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# 8. Lexical Density

Now we can calculate the lexical density, the number of unique words per total words. Statistical studies have shown that lexical density is a good metric to approximate lexical diversity—the range of vocabulary an author uses. For our first pass at lexical density, we will simply divide the number of unique words by the total number of words:

`len(set(text1_tokens)) / len(text1_tokens)`

If we want to use this metric to compare texts, we immediately notice a problem. Lexical density is dependent upon the length of a text and therefore is strictly a comparative measure. It is possible to compare 100 words from one text to 100 words from another, but because language is finite and repetitive, it is not possible to compare 100 words from one to 200 words from another. Even with these restrictions, lexical density is a useful metric in grade level estimations, vocabulary use and genre classification, and a reasonable proxy for lexical diversity. Let’s take this constraint into account by working with only the first 10,000 words of our text. First we need to slice our list, returning the words in position 0 to position 9,999 (we’ll actually write it as “up to, but not including” 10,000).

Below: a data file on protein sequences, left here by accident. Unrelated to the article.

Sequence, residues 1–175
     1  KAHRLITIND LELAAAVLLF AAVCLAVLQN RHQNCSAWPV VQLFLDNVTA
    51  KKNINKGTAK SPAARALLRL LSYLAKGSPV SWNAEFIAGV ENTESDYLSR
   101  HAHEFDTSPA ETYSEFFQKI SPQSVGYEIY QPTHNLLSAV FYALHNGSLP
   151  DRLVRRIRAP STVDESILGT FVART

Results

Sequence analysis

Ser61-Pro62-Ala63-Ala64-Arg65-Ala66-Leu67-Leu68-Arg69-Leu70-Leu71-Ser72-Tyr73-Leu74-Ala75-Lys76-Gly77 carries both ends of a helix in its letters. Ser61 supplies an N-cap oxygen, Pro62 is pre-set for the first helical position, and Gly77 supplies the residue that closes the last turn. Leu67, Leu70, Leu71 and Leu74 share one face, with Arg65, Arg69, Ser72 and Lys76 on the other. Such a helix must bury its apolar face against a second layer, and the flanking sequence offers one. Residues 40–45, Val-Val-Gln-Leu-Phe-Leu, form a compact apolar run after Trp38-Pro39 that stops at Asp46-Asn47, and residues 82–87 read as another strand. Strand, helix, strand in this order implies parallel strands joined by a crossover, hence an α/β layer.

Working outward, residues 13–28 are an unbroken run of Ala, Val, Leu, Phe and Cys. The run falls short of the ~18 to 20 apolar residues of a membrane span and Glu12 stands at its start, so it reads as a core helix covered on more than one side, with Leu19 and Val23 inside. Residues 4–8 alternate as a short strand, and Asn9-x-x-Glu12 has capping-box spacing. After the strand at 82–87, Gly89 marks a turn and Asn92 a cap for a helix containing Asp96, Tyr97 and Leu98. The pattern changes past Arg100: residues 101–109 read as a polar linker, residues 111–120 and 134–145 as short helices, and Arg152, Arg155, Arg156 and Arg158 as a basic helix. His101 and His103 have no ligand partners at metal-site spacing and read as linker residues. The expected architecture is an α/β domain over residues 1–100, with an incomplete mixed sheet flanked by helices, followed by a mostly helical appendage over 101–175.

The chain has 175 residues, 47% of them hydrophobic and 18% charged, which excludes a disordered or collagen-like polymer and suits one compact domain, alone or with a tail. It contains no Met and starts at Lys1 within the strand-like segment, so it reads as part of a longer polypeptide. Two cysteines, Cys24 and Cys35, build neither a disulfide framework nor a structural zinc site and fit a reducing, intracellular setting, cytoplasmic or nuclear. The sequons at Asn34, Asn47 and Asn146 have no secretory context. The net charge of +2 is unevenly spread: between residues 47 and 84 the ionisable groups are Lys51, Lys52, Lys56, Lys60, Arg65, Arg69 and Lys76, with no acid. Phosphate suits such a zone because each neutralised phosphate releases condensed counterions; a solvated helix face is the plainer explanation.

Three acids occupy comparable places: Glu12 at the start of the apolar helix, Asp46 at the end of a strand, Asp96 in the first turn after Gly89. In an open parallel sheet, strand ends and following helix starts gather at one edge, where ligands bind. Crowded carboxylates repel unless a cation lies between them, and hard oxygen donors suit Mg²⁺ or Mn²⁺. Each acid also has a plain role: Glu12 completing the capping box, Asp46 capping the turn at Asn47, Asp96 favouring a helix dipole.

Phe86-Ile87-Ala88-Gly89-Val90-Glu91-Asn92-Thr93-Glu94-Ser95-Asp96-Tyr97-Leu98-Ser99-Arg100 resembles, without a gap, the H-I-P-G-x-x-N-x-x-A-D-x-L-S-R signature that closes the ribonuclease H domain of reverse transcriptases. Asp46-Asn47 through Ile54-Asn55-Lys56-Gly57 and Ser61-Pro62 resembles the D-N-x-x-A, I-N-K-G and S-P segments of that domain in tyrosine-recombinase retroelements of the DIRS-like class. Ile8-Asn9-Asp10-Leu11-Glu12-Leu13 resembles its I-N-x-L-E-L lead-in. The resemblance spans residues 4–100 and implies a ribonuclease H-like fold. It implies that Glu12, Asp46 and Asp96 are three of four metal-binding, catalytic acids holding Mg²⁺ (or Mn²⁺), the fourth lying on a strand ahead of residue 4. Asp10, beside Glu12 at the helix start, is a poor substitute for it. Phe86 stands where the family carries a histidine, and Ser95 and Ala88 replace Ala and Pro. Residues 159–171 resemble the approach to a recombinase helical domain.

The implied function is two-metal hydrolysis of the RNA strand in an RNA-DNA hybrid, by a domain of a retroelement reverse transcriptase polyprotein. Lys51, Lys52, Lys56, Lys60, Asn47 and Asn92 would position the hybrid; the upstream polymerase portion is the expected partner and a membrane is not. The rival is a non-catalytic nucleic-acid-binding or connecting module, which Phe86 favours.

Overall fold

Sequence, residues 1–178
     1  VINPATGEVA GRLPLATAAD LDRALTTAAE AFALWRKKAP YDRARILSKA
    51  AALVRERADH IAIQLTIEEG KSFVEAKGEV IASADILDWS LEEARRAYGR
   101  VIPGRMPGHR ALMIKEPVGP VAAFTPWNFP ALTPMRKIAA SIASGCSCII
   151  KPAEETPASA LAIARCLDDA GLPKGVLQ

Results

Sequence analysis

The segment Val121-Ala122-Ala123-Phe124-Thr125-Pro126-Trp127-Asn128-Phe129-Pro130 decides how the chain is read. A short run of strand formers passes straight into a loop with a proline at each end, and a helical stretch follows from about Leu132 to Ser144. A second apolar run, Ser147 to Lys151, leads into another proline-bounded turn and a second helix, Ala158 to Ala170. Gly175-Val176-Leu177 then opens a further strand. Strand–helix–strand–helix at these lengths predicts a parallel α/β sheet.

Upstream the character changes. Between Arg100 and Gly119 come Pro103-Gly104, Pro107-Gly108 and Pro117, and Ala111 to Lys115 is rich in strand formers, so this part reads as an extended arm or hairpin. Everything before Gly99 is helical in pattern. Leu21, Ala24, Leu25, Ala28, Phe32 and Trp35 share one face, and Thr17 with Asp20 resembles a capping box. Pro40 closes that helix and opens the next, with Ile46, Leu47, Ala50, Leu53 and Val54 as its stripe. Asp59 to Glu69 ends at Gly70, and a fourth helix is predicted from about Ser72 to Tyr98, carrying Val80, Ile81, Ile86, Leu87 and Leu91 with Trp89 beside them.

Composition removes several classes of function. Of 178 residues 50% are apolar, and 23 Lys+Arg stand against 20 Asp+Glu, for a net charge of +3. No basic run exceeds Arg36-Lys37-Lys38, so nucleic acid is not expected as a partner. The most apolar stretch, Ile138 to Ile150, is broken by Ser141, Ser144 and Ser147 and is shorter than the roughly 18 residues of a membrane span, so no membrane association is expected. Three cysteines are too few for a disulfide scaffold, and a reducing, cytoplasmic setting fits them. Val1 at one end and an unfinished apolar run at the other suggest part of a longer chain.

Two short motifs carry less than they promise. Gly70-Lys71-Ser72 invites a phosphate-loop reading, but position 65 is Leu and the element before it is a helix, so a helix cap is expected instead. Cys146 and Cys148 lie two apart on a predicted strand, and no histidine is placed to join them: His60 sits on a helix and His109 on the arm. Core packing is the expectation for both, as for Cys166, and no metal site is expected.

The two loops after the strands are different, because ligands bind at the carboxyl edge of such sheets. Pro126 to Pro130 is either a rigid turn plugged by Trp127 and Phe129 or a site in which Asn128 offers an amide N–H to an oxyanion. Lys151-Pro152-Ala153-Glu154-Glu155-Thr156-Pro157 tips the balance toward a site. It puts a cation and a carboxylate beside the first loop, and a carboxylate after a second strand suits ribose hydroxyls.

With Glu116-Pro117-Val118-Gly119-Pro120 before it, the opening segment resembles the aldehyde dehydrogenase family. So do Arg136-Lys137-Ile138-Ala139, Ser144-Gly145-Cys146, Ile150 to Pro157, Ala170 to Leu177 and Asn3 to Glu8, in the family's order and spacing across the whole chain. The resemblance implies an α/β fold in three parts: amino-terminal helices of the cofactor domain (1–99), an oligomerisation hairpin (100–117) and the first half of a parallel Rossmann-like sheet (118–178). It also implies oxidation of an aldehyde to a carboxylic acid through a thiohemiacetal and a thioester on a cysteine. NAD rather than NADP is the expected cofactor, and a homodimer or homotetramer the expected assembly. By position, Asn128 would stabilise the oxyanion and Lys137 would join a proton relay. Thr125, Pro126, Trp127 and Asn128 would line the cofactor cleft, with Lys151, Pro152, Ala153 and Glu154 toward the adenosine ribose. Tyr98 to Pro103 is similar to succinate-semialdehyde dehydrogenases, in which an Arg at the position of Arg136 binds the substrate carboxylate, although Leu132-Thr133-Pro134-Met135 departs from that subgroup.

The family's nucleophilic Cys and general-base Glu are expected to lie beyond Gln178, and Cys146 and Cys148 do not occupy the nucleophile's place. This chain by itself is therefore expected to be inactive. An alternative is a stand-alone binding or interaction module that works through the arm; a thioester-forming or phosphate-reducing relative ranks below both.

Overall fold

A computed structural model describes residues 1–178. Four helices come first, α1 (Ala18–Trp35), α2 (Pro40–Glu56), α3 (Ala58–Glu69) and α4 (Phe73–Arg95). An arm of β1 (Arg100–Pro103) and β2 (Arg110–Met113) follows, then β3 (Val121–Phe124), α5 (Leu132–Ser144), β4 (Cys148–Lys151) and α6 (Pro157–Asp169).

`text1_slice = text1_tokens[0:10000]`

Now we can do the same calculation we did above:

`len(set(text1_slice)) / len(text1_slice)`

This is a much higher number, though the number itself is arbitrary. When comparing different texts, this step is essential to get an accurate measure.

## Challenges for lesson 8

### Assignment: Challenge

Let’s compare the lexical density of Moby Dick with Sense and Sensibility. Make sure to:

1. Make all the words lowercase and remove punctuation.
2. Make a slice of the first 10,000 words.
3. Calculate lexical density by dividing the length of the set of the slice by the length of the slice.

Remember to be aware of the ethical implications for the conclusions that we might draw about our data. What assumptions might we be reifying about these writers?

```text2_tokens = []
for t in text2:
if t.isalpha():
t = t.lower()
text2_tokens.append(t)

text2_slice = text2_tokens[0:10000]

len(set(text2_slice)) / len(text2_slice)```

### Questions

Check all sentences below that are correct:

(Select all that apply)